Joan Breton Connelly ’76 is probably right about the Parthenon frieze, judging from other ancient instances of child or human sacrifice (Princetonians, Jan. 8). The Iliad mentions Agamemnon sacrificing his daughter in order to obtain favorable winds to invade Troy. When I was a student, I thought this legendary, but I now suspect that there was truth behind this, just as there was a real Trojan War that inspired the Iliad. Archeology is showing that we tend to discount ancient history too much.
Human sacrifice was known among the Druids and among Central American peoples centuries after the Parthenon was built. Earlier, Moses had written about how God spared Isaac and by example showed that human sacrifice is wrong as early as 2000 BC or so. Roughly 14 centuries after Abraham, child sacrifice reappeared in the times of Ahaz and Manasseh of Judah, having been established in the Northern Kingdom earlier. In Sparta children regularly were exposed, and this continued in the Roman Empire after the death of Christ.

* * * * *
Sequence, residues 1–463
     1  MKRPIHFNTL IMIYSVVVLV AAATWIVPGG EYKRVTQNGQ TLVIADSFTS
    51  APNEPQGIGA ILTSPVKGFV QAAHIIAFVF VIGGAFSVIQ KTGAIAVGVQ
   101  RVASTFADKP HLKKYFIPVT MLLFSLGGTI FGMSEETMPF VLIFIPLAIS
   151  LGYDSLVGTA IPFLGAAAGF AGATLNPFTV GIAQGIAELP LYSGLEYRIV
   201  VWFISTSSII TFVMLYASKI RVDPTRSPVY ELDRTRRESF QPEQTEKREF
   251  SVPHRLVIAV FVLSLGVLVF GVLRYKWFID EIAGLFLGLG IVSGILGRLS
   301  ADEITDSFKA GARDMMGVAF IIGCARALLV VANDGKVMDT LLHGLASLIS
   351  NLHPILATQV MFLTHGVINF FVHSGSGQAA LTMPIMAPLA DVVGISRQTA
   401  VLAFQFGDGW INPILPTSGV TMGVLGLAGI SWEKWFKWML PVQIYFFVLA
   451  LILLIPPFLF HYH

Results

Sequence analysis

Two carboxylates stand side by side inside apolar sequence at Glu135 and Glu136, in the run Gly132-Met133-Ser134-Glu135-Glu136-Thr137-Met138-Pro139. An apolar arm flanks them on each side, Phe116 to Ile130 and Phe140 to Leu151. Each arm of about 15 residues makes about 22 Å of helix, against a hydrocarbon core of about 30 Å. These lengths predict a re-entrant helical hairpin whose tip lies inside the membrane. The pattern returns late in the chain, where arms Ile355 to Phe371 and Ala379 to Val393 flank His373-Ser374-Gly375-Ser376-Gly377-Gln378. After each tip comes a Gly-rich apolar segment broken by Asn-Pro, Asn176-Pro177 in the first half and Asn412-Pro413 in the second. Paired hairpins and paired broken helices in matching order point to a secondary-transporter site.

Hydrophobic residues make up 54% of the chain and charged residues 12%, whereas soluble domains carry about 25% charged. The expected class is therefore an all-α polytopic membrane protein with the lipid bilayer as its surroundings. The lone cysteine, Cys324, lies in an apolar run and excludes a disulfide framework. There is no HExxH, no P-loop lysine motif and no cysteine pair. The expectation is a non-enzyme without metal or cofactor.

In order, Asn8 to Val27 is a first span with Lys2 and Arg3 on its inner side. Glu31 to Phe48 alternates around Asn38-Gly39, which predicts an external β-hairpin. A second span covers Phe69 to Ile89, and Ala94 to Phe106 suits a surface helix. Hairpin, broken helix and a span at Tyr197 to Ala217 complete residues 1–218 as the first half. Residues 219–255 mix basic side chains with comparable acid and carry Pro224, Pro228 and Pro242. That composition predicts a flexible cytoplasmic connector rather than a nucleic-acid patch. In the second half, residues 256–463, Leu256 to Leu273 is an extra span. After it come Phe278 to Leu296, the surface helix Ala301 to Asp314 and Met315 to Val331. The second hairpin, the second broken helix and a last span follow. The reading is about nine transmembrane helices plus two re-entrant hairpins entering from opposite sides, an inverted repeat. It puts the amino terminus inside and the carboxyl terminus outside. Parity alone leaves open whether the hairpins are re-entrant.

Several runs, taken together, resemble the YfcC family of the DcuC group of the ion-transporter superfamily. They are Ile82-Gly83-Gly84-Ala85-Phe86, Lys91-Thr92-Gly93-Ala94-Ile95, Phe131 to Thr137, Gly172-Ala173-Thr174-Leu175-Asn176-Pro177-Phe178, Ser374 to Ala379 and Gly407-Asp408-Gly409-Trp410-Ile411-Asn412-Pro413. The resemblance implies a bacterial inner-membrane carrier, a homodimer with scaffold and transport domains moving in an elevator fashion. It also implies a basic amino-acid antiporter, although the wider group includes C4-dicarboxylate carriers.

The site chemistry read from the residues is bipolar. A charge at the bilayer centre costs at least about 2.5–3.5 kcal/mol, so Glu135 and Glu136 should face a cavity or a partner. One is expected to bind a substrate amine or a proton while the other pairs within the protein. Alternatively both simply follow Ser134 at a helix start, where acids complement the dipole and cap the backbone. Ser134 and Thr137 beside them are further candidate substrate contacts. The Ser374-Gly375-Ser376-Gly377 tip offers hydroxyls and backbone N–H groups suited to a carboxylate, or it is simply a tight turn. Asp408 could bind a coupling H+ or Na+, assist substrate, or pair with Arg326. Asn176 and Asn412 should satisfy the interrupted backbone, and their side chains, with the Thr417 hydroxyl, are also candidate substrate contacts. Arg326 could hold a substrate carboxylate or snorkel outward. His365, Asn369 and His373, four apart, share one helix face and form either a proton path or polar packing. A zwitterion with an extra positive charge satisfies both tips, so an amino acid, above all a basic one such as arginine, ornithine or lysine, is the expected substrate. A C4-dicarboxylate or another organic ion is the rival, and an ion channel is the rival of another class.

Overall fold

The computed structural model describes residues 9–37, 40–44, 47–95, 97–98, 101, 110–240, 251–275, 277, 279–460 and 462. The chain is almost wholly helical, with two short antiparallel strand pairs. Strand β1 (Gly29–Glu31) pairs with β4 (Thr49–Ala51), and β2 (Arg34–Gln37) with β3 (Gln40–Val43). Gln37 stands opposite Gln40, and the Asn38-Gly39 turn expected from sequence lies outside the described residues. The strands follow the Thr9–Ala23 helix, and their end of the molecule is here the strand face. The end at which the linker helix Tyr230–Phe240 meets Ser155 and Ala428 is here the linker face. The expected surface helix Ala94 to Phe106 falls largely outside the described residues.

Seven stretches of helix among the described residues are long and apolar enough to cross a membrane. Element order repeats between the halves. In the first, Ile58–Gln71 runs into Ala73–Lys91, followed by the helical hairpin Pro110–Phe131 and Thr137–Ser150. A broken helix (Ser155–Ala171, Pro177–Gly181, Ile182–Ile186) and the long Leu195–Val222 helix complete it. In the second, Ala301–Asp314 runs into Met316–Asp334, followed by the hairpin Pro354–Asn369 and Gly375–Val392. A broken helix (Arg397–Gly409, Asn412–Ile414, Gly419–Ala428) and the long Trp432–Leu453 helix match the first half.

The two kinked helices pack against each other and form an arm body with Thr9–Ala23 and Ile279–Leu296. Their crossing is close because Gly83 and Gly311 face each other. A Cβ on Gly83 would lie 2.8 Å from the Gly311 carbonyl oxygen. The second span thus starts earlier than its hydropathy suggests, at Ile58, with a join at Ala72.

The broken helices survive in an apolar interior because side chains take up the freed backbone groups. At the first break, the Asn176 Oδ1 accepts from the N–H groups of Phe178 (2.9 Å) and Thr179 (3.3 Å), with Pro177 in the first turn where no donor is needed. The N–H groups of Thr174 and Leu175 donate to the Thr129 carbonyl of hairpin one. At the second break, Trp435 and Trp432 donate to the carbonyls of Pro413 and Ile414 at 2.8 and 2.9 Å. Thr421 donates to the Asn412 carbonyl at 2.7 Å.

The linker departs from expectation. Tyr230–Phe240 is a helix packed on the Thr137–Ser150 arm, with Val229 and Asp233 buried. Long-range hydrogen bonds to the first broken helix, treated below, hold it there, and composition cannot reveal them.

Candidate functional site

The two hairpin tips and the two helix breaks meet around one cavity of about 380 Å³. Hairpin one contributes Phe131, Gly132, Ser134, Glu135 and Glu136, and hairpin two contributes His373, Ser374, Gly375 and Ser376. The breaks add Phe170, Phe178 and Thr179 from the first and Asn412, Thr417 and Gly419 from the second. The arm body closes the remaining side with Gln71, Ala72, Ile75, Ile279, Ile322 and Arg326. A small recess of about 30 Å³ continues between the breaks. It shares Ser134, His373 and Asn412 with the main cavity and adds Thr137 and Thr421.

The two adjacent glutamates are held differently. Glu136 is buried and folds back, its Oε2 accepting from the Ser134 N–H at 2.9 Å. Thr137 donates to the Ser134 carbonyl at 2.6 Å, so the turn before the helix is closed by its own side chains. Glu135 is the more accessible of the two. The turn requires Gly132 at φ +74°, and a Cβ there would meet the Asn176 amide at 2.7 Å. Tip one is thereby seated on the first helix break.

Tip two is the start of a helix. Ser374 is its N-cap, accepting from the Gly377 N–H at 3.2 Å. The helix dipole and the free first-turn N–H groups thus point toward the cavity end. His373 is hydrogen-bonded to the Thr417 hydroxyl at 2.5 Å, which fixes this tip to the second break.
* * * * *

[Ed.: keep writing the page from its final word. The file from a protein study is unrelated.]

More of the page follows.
Today, methods are different but outcomes are similar. We sacrifice children to our desires instead of to bloodthirsty gods. Our technology enables us to reach into the womb, rather than sacrifice after birth. In many parts of the world, most of those sacrificed are women because of expensive dowries. There are different reasons in the United States and in Europe. But despite technological progress, we as a societal or human whole are uncomfortably like the ancient Greeks, as well as others who practiced child sacrifice. “Those who do not know history are doomed to repeat it.”